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Thursday, April 28, 2011

Is this America's tsunami? 355 die and thousands of homes are destroyed as 161 tornadoes up to a MILE wide tear through South

Overnight tornadoes leave part of Pratt City, a suburb of Birmingham, Alabama

The deadliest storms for 40 years have obliterated large swaths of land from Mississippi to Georgia, killing at least 355 people in six states, wiping out homes and businesses and causing a nuclear power plant to use back-up generators.

The death toll, already staggering, continues to rise almost every few minutes as rescue workers pull bodies from the rubble. There are fears it could rise higher than the death toll recorded in 1974 when 315 people lost their lives in a single day when violent storms rocked several states.

There were reports of more than 160 twisters crashing through the Southern states right up to the Northern states, according to the National Weather Service Storm Prediction Center

There were 162 dead in Alabama alone, the state emergency management agency confirmed. It was the worst hit state that saw an enormous F5-category tornado rip through Birmingham yesterday leaving a path of devastation in its wake.

'We were in the bathroom holding on to each other and holding on to dear life,' said Samantha Nail, who lives in a blue-collar subdivision in the Birmingham suburb of Pleasant Grove.

There the storm slammed heavy pickup trucks into ditches and obliterated tidy brick houses, leaving behind a mess of mattresses, electronics and children's toys scattered across a grassy plain where dozens used to live.

'If it wasn't for our concrete walls, our home would be gone like the rest of them,' she added.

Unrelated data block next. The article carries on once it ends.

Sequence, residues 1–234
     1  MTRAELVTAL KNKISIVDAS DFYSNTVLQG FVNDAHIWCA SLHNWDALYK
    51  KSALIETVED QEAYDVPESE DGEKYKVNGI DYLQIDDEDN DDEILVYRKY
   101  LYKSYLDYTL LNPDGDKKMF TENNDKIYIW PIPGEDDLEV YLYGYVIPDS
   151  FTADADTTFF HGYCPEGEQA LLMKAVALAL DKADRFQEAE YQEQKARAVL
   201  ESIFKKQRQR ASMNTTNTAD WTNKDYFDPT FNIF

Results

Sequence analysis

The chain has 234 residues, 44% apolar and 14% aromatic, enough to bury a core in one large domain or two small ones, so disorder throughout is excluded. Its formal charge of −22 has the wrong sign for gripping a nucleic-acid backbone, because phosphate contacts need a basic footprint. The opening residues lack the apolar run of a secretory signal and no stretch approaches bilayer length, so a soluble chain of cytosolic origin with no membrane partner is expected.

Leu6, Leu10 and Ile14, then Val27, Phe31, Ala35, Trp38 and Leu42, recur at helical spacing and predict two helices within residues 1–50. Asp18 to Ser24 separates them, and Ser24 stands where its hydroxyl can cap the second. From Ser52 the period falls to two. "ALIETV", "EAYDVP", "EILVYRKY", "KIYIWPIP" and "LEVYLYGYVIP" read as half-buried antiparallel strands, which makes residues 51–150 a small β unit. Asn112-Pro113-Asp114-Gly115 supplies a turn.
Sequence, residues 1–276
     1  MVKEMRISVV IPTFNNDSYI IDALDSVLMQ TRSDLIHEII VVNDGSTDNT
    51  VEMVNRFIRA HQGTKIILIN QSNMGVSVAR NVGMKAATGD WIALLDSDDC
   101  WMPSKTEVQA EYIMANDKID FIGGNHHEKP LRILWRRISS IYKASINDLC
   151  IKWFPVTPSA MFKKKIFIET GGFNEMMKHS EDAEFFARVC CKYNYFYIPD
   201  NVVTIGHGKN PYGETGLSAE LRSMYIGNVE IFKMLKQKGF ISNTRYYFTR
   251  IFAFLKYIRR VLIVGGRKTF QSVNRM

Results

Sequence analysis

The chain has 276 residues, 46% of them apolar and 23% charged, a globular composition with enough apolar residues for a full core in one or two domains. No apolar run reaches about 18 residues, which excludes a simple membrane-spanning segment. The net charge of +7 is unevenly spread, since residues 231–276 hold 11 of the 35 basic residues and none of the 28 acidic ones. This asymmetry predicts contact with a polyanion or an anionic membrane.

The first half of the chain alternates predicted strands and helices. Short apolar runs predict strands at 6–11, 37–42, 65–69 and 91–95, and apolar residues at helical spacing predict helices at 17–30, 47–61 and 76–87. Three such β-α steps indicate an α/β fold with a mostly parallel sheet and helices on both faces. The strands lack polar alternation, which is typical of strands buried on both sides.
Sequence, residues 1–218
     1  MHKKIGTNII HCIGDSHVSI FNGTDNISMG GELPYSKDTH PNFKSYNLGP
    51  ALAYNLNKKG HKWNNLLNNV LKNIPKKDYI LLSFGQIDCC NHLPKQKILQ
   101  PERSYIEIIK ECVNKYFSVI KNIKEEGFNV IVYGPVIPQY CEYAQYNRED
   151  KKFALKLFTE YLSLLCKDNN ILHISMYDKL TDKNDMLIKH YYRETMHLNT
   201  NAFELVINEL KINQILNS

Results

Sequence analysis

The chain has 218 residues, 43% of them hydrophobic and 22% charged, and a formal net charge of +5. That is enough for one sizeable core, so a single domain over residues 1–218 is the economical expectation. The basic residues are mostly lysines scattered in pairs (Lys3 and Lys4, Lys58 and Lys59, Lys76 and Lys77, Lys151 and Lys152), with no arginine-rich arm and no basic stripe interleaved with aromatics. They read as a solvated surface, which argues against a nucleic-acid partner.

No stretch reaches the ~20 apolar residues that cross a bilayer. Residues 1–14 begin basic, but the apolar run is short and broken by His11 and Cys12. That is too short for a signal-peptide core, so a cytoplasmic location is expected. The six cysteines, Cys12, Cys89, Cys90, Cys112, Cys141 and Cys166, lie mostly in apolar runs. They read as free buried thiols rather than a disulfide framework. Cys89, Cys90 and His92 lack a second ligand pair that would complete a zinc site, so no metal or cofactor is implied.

In Alberta, Alabama sirens blared, and people, who had lost everything either sobbed or yelled out for their missing family members.

People covered the bodies of their neighbours with blankets as they lay in the ruins of their destroyed homes.

'I was in the bathroom in my house at 915 Alberta Drive when the tornado hit,' Fred Jackson, 48, told Tuscaloosa News.

'The earth went to moving,' he said. 'Roots were pulling up. Everything was moving. The house is destroyed. We had to get out through a window.

'We're just trying to find cover before the next one hits,' he added.

Businesses in the area were reduced to rubble.

One Steak-Out driver, who moved to the area after Hurricane Katrina devastated New Orleans told Tuscaloosa News: 'It happened too fast to be scared. This is exactly what New Orleans looked like, but on a smaller scale.'

Many are still missing in the neighbourhood and it is feared this is the story across the six states.

Katherine Honnicutt, told the News she was forced to throw a mattress over her bedridden father, who couldn't be moved from his bed as the tornado swept through Alberta.

She had just enough time to to make sure he had an opening so he could breathe before she and other family members dashed to a wardrobe for shelter.

'I lived here for 32 years, and this is the worst I have ever seen,' she said. 'I was standing at the door and saw it coming.'

In Tuscaloosa, a city of more than 83,000 and home to the University of Alabama, a mile-wide twister barrelled through late yesterday afternoon, tossing houses and cars into the air like they were toys. Homes were reduced to fire wood and uprooted trees littered the streets. It looked more like a war zone in the end.